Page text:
Trump's reaction, you remember, was "Perhaps I will put Gennifer Flowers right alongside of him!" Now, I have a feminist problem with Trump's remark, one that I haven't seen anyone else notice, and that is the idea that he can "put" the woman where he likes. Flowers is a person, not an object — like a vase of flowers — but Flowers has already responded positively to the notion of getting placed in front of Hillary.*

So let me move on to the feminist problem I have with what Podesta said. He says the name, Mark Cuban, and vaunts him as a business leader who is above politics, but he won't say the name of the woman and he speaks of her as a creature of the sewer.

Todd pushes him: "You said-- you referred to diving into the sewer, so you believe that inviting Gennifer Flowers is diving into the sewer?" And Podesta has the smarts to resist further disrespecting the woman. But later, there's a panel, and one of the participants is Stephanie Cutter (who was Obama's deputy campaign manager in 2012 and who helped John Kerry prepare for debates in 2004). Todd asks her about "the idea of gamesmanship, which is the Clinton Campaign deciding to put Mark Cuban in the front row," and the response had me shouting at the TV:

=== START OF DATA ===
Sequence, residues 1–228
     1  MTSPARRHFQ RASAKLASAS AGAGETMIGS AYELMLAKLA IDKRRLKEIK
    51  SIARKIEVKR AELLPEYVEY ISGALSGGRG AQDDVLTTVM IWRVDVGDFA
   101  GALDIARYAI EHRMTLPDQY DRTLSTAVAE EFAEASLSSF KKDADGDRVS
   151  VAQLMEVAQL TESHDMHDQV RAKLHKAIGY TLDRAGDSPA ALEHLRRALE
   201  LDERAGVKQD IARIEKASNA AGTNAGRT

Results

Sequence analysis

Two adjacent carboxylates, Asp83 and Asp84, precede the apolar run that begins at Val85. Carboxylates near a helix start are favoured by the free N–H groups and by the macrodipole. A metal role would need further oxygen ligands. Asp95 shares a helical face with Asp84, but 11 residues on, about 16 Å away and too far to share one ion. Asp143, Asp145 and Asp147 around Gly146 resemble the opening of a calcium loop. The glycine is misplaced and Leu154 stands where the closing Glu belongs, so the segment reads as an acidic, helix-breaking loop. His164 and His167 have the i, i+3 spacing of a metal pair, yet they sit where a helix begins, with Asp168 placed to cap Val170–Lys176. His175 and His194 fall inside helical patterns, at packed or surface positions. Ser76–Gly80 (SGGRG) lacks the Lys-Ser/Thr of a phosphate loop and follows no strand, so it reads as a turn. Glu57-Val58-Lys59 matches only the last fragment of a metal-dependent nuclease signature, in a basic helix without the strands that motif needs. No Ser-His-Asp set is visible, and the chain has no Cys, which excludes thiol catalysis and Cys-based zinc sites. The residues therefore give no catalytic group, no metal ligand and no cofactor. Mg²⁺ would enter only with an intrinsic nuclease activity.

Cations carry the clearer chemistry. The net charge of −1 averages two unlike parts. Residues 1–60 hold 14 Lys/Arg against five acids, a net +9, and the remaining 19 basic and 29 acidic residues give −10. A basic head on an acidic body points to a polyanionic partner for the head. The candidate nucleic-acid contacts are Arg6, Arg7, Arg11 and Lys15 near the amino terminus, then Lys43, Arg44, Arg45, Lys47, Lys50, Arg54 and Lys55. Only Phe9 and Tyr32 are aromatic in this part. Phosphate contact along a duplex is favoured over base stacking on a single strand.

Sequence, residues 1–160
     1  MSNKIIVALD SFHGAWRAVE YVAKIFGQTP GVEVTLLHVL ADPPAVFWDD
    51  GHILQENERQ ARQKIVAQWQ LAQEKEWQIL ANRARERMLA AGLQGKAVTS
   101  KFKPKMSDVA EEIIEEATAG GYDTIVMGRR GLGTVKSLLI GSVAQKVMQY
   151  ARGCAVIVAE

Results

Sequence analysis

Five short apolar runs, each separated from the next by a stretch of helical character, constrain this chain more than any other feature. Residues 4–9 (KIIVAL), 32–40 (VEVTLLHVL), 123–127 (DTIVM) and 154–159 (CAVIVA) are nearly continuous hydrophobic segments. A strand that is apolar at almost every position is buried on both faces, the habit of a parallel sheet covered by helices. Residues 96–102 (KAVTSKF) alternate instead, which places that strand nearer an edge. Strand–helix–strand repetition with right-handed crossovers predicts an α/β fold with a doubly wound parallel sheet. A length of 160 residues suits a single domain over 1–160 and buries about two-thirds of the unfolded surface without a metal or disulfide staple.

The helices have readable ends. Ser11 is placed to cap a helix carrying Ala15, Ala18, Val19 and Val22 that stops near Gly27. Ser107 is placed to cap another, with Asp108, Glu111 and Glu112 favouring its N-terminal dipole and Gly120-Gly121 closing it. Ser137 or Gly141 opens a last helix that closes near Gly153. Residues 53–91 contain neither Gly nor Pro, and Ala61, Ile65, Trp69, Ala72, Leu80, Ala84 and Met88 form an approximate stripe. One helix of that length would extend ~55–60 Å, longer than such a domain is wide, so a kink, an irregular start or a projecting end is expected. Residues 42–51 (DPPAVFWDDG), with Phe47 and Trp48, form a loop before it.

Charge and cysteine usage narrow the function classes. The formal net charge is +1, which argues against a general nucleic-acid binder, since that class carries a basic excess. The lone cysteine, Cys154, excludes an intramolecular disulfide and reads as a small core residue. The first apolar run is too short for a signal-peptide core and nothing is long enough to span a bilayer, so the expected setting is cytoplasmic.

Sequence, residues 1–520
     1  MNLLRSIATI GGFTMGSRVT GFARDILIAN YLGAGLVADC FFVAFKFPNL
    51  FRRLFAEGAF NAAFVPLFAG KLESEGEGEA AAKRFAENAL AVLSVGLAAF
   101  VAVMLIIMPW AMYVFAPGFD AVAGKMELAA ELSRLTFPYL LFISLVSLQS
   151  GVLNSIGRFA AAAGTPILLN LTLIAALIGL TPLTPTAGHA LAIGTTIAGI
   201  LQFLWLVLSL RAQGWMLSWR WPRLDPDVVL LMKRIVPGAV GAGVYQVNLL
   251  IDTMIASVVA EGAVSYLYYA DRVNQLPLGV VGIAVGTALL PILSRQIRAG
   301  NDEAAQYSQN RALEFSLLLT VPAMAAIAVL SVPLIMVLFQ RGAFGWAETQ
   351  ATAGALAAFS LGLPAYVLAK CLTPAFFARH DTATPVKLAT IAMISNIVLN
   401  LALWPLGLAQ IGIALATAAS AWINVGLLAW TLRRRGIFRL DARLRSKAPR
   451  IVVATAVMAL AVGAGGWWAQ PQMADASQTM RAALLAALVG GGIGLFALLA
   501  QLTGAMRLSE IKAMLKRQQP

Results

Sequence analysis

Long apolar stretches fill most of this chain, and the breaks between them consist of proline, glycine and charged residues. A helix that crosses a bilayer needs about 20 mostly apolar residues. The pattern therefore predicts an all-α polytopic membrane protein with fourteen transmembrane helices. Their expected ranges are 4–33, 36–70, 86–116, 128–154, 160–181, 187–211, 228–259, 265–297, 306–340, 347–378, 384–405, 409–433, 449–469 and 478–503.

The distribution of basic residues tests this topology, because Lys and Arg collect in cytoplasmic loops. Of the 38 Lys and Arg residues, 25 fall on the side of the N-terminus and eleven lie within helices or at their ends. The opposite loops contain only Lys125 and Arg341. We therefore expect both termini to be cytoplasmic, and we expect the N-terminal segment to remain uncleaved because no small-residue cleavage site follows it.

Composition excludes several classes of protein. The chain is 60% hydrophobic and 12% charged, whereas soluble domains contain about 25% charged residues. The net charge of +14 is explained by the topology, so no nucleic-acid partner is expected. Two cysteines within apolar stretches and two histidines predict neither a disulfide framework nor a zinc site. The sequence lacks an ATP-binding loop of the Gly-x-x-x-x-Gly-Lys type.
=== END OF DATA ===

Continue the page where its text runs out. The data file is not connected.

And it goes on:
STEPHANIE CUTTER: ... What Clinton and Trump are doing are trying to throw each other off their game. The difference is Hillary Clinton is doing it with a legitimate businessman, also, a celebrity. And as John Podesta put it earlier on your show, Trump is just jumping right down in the sewer and swimming in it by inviting Gennifer Flowers.
The man is "legitimate," and the woman is a "sewer."

Chuck Todd turned to another panelist, Steve Schmidt (a senior adviser to John McCain in 2008).
STEVE SCHMIDT: [The tactic of inviting Cuban] was clearly designed to provoke Donald Trump and it provoked Donald Trump, it provoked Donald Trump into going down the Gennifer Flowers rabbit hole....